Friday, 19 August 2011


Film: Rogue Ninja
UK Release date: 5th September 2011
Certificate: 18
Director: Seiji Chiba
Starring: Mika Hijii, Masayuki Izumi, Mituki Koga, Kentarou Shimazu
Running time: 70 mins
Genre: Martial Arts/Action
Country: Japan
Reviewer: Adam Wing

Seiji Chiba sure loves his ninja movies. The Kunoichi: Ninja Girl, Alien vs. Ninja, Evil Ninja - its safe to assume that he’s comfortable within the action genre. Fans on these shores are likely to be familiar with Alien vs. Ninja, an action spoof that was little more than a sixty-minute fight sequence. There was enough mutilation and mayhem to keep you from reaching for the remote control though, even if it lacked the invention of some of its siblings.

Rogue Ninja lacks anything approaching comedy aliens, with Chiba instead choosing to take his latest foray incredibly seriously. It's the 16th Century, a period of civil war in Japan, and stuck right in the middle are the Iga ninja. Rather than stand firm against the Nobunaga Oda and the Koga ninja that have joined forces, the Iga turn on themselves, dispensing with each other and saving enemy clans the trouble. Its all part of a power struggle between the Iga high leaders and the Iga lesser leaders, a power struggle ninja Ukagami (Mika Hijii) is all too familiar with.

Being somewhat easy on the eye, she gains the attention of the lesser ninja’s leader. He’s bored of the women in his life, but then, how many ways can a woman please a man if she’s bound and gagged in his quarters? We know he’s evil by the way he treats his women, killing them before telling his comrades to rape them before they get too cold. Nice. Now he wants Ukagami, and he's willing to do anything he can to possess her, including killing her and I’m guessing, passing her dead body around like a tube of Pringles at a house party.

Ukagami has a brother called Kino, they’re not blood related and he belongs to the Koga family, but Kino was raised by Ukagami’s parents and they treat each other like kin. Kamari is the token love interest; or rather he would be, if ninja’s were permitted to marry. In order to get to Ukagami, the lesser ninja’s leader kidnaps Kamari and draws her to him, culminating in a bloody battle that wont end well.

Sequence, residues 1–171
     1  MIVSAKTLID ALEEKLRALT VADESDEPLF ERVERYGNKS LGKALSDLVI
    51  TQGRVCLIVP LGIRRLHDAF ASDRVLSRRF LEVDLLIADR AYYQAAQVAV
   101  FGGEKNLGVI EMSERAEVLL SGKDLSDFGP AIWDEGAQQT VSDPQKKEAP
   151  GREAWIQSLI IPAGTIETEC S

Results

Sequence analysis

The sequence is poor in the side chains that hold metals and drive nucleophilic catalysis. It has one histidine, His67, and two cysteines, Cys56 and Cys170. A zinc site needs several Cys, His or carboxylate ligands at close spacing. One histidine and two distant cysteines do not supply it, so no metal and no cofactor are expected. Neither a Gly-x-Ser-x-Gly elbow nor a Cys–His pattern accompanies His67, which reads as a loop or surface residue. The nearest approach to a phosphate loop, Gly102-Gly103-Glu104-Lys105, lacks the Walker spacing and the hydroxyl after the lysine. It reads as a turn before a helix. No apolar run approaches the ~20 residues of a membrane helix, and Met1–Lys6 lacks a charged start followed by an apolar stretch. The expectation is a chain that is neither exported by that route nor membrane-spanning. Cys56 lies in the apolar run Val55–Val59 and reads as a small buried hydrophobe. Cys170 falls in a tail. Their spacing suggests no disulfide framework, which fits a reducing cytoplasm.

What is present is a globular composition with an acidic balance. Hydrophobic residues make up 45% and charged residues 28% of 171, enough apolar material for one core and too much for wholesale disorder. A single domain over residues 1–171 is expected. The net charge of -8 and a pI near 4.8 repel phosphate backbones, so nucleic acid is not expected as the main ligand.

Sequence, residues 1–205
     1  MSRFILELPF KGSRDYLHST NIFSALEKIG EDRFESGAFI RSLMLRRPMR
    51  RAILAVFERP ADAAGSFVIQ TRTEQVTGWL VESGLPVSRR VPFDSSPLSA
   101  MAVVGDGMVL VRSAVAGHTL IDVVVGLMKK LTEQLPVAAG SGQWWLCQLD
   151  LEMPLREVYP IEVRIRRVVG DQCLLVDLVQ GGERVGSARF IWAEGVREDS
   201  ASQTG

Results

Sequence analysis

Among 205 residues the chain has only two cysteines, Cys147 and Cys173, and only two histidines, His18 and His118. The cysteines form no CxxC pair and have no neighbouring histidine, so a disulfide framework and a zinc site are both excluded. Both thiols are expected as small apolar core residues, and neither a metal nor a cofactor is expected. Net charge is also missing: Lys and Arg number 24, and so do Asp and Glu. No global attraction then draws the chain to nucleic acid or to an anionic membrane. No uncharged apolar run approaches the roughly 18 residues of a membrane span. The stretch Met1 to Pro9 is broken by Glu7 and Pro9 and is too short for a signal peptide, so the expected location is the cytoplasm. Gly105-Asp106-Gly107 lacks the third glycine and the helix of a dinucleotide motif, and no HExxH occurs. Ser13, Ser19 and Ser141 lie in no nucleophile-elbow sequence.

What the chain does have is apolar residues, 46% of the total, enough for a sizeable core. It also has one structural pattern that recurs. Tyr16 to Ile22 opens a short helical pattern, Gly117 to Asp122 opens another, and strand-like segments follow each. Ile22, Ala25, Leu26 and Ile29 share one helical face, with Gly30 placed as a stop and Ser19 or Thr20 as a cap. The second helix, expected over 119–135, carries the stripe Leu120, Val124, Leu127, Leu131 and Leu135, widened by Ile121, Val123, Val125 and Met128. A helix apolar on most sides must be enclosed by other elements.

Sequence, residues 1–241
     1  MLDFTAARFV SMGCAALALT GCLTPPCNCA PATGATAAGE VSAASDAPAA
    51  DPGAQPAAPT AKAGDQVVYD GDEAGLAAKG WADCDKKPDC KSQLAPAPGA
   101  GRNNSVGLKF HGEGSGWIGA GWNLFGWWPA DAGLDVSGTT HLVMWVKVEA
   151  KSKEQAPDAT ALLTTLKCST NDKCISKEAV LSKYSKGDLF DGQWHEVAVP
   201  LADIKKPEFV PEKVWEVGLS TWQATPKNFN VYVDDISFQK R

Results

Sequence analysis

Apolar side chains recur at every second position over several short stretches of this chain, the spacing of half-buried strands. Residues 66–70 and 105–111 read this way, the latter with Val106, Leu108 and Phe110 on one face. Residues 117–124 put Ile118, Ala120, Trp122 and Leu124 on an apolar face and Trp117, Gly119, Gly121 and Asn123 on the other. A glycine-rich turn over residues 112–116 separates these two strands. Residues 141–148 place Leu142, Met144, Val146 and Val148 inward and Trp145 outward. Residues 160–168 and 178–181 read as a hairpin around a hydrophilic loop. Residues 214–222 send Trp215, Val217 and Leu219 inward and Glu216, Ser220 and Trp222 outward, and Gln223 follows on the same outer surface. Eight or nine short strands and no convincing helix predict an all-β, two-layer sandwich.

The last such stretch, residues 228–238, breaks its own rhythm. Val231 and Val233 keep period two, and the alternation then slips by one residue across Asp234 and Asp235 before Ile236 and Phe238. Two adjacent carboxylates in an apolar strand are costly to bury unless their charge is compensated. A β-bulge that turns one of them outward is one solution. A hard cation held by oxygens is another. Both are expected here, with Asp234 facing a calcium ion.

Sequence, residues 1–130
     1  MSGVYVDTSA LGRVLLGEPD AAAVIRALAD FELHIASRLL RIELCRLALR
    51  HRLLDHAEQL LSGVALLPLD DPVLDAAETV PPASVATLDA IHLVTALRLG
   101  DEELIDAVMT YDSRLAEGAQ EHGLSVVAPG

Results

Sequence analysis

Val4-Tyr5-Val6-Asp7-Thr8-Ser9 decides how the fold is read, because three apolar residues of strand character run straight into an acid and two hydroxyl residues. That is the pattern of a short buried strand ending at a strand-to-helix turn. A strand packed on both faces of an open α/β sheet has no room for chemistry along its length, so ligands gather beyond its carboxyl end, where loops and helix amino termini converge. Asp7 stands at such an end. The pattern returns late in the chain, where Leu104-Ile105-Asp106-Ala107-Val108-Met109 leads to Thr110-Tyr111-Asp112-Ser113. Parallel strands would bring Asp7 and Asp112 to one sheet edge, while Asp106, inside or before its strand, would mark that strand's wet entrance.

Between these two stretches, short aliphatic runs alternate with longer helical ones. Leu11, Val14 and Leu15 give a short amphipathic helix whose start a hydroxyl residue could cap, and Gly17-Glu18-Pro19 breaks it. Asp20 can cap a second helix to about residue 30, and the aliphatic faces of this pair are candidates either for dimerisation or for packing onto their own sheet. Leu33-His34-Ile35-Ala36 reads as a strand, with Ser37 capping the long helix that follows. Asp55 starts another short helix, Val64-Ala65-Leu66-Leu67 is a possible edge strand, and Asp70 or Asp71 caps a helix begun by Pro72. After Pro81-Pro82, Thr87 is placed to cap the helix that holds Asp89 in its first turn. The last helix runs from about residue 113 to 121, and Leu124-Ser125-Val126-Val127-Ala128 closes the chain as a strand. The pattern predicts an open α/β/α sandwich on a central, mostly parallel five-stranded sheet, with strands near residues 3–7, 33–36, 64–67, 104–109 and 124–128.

For a film that clocks in at just over an hour, there’s a lot of exposition to wade through. The characters in Rogue Ninja sure like to talk, conspiring, deliberating, or just plain standing around putting the world to rights - you sometimes get the feeling that the world of Rogue Ninja is set inside a giant girl’s bathroom. It’s a low budget affair, which explains why most of the movie is set in a forest, but Rogue Ninja becomes very repetitive as a result. The characters stand beneath trees, have a chat, get involved in a fight, chat some more - then they move on and do it all over again.

The action sequences are the films only saving grace. The battle scenes are tightly choreographed - fast, fluid and energetic - but it’s fair to expect that of Seiji Chiba by now, if he still hasn’t got the hang of ninja action then all hope is lost. Unfortunately there’s nothing to separate one action sequence from the next, with the battle scenes possessing less personality than the great oaks they’re hidden within. Furthermore, Rogue Ninja seems to have landed on DVD without a final act. The final battle takes place midway through the movie; the surviving characters have a little chat and then the movie ends. It’s not like there isn’t more of the story to tell, but the ending feels rushed and incomplete - maybe they ran out of trees.

With a final battle that takes place in, what looks like, the same cave as Alien vs. Ninja, Chiba could be accused of making the same film again - without the rubber costumes and without the comedy. Rogue Ninja has very little going for it beyond attractive leads and entertaining fight choreography. As for me - I kind of miss the alien.

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